After spending more than half a millennium under Norse rule, it is little surprise the people of Shetland and Orkney might not consider themselves to be British in the same way as the good folk of Surrey.
So too the islanders of the Outer Hebrides, who offered sanctuary to a fleeing Bonnie Prince Charlie after his defeat by loyalist forces at Culloden.
But an unexpected question has crept into the narrowing independence referendum campaign – exactly how Scottish do they feel?
Lerwick, the capital of Shetland, for example, is 18 hours by road and boat from Edinburgh – more than double the journey time from the Scottish capital to Westminster.
Now members of these storm-lashed, fiercely independent and unique communities are being asked to put their name to a demand that could see both Northern and Western Islands separate from an independent Scotland – should it decide to go it alone in September.
A petition currently before the Scottish Parliament is seeking referendums to be held on all three islands exactly a week after the rest of the nation votes on the future of the union with Westminster.
In the event it should get the go-ahead, the 70,000 inhabitants will be given the choice of either staying in Scotland or seeking independence of their own. A third question following a successful yes vote will offer the possibility of staying within the UK while seceding from control of Holyrood.
So far nearly 800 people have put their name to the call, and the suggestion has been generating interest all over the world – not least in other small islands, and even in Venice.
Catriona Murray of "Referenda on the Islands", which organised the petition, denied claims that the group was a front for the unionist campaign or merely some kind of diversion tactic from the main debate.
She said supporters straddled all points of view although the petition had deliberately not included an option of reunification with Norway which, although sometimes discussed, did not garner serious support.
“We exist only to bring about a referendum to give islanders the chance to decide. What unites us is the view that islanders should have that right. We are certainly not making mischief,” retiree Ms Murray told The Independent by email from her home in Stornoway.
“Monaco, Liechtenstein and San Marino all thrive well as independent members of the United Nations. Any of the three island groups currently in Scotland could easily fit on to a list including those countries. Not as rich as the first two, but with more resources than the third,” she added.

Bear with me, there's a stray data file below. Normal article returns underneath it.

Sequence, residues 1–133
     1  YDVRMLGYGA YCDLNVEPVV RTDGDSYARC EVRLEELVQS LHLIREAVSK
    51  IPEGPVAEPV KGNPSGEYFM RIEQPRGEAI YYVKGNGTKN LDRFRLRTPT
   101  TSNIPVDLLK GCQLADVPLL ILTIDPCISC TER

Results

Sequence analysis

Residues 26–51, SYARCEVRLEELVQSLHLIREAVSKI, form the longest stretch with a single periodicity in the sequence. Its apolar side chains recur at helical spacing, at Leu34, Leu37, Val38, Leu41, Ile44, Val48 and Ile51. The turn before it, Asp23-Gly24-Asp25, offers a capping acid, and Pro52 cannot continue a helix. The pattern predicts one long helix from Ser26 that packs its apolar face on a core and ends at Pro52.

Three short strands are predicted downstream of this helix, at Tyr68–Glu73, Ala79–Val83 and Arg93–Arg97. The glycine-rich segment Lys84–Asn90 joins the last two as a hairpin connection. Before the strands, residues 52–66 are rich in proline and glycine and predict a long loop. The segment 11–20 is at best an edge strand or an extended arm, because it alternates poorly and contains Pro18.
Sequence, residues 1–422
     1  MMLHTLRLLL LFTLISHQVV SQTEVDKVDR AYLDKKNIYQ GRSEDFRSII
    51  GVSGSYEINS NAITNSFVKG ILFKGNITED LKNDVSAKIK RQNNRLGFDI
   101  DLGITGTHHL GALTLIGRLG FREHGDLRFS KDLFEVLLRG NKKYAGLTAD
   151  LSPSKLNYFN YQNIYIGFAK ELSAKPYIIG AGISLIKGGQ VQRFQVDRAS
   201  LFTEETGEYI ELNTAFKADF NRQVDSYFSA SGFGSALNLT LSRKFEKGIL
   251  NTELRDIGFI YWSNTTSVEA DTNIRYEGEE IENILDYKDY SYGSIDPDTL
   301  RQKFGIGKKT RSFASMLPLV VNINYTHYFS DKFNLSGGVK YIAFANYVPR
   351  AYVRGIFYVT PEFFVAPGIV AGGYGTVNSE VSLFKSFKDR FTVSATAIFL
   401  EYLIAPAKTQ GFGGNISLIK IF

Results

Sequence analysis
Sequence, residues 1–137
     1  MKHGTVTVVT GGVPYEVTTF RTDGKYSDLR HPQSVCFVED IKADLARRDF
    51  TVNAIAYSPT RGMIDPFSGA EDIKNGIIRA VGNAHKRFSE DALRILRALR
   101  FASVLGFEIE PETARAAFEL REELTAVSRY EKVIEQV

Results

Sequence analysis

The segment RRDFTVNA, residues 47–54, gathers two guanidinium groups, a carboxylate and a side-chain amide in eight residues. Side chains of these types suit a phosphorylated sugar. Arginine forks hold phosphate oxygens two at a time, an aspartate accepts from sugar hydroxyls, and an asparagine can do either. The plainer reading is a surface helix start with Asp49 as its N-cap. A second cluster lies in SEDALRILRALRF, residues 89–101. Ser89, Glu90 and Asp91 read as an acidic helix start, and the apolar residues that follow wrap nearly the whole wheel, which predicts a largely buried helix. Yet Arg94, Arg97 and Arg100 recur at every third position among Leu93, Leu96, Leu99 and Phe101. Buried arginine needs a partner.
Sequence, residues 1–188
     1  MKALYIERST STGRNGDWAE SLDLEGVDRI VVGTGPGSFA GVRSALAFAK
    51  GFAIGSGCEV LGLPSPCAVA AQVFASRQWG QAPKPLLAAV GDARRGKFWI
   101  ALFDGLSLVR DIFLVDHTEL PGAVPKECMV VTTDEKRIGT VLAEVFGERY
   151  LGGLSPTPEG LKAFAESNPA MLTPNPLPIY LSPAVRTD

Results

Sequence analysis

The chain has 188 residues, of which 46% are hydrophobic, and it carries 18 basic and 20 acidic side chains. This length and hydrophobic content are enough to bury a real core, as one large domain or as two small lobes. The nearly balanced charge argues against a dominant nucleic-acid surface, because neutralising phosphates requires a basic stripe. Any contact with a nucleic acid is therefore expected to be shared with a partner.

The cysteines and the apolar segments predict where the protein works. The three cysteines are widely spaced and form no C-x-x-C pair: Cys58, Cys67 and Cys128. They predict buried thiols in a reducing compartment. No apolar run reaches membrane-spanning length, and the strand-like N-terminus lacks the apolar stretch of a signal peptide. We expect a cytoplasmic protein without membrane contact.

It is estimated that up to 67 per cent of Scotland’s oil and gas reserves lie within the waters off Shetland and Orkney. All the islands have lucrative off shore renewable energy potential although bringing it down to population areas remains contentious.
Steve Heddle, Convenor of the Orkney Islands Council, and part of the non-partisan umbrella group "Our Islands, Our Future" said there was an urgent case for the communities to be given greater control over their destinies.
“My personal opinion is that this [petition] is mischief-making here. There is obviously an appetite among some people for this but I don’t know exactly how well thought out this is,” he said. “We need to keep things realistic and reasonable and keep arguing and then we have a chance of winning,” he added.
Since last summer, the councils of Orkney, Shetland and the Western Isles have been negotiating with the SNP government in Edinburgh and Westminster and the Labour Party to see what extra powers they might gain. There have already been successes.
Last July, First Minister Alex Salmond held a Scottish cabinet meeting in Shetland, where he issued the Lerwick Declaration, agreeing in principle to greater autonomy for the islands. Since then island leaders have met ministers five times.
The Scottish Labour Devolution Commission has agreed to grant the islands greater control over energy, transport and fishing policy as well as a bigger say in health and economic planning. Talks have also been held with the Secretary of State for Scotland.
But Shetland’s Liberal Democrat MSP Tavish Scott said demands for referendums within the islands were “entirely understandable”.
“The SNP is holding a gun to the islanders’ heads and saying 'I will not do anything for you unless you vote yes'. It is like the proverbial English colonial governor telling the natives what to do. People in the islands are very independent minded and they do not like being treated like this,” he said.
A spokesman for Yes Scotland said post-referendum issues were a matter for the Scottish Government.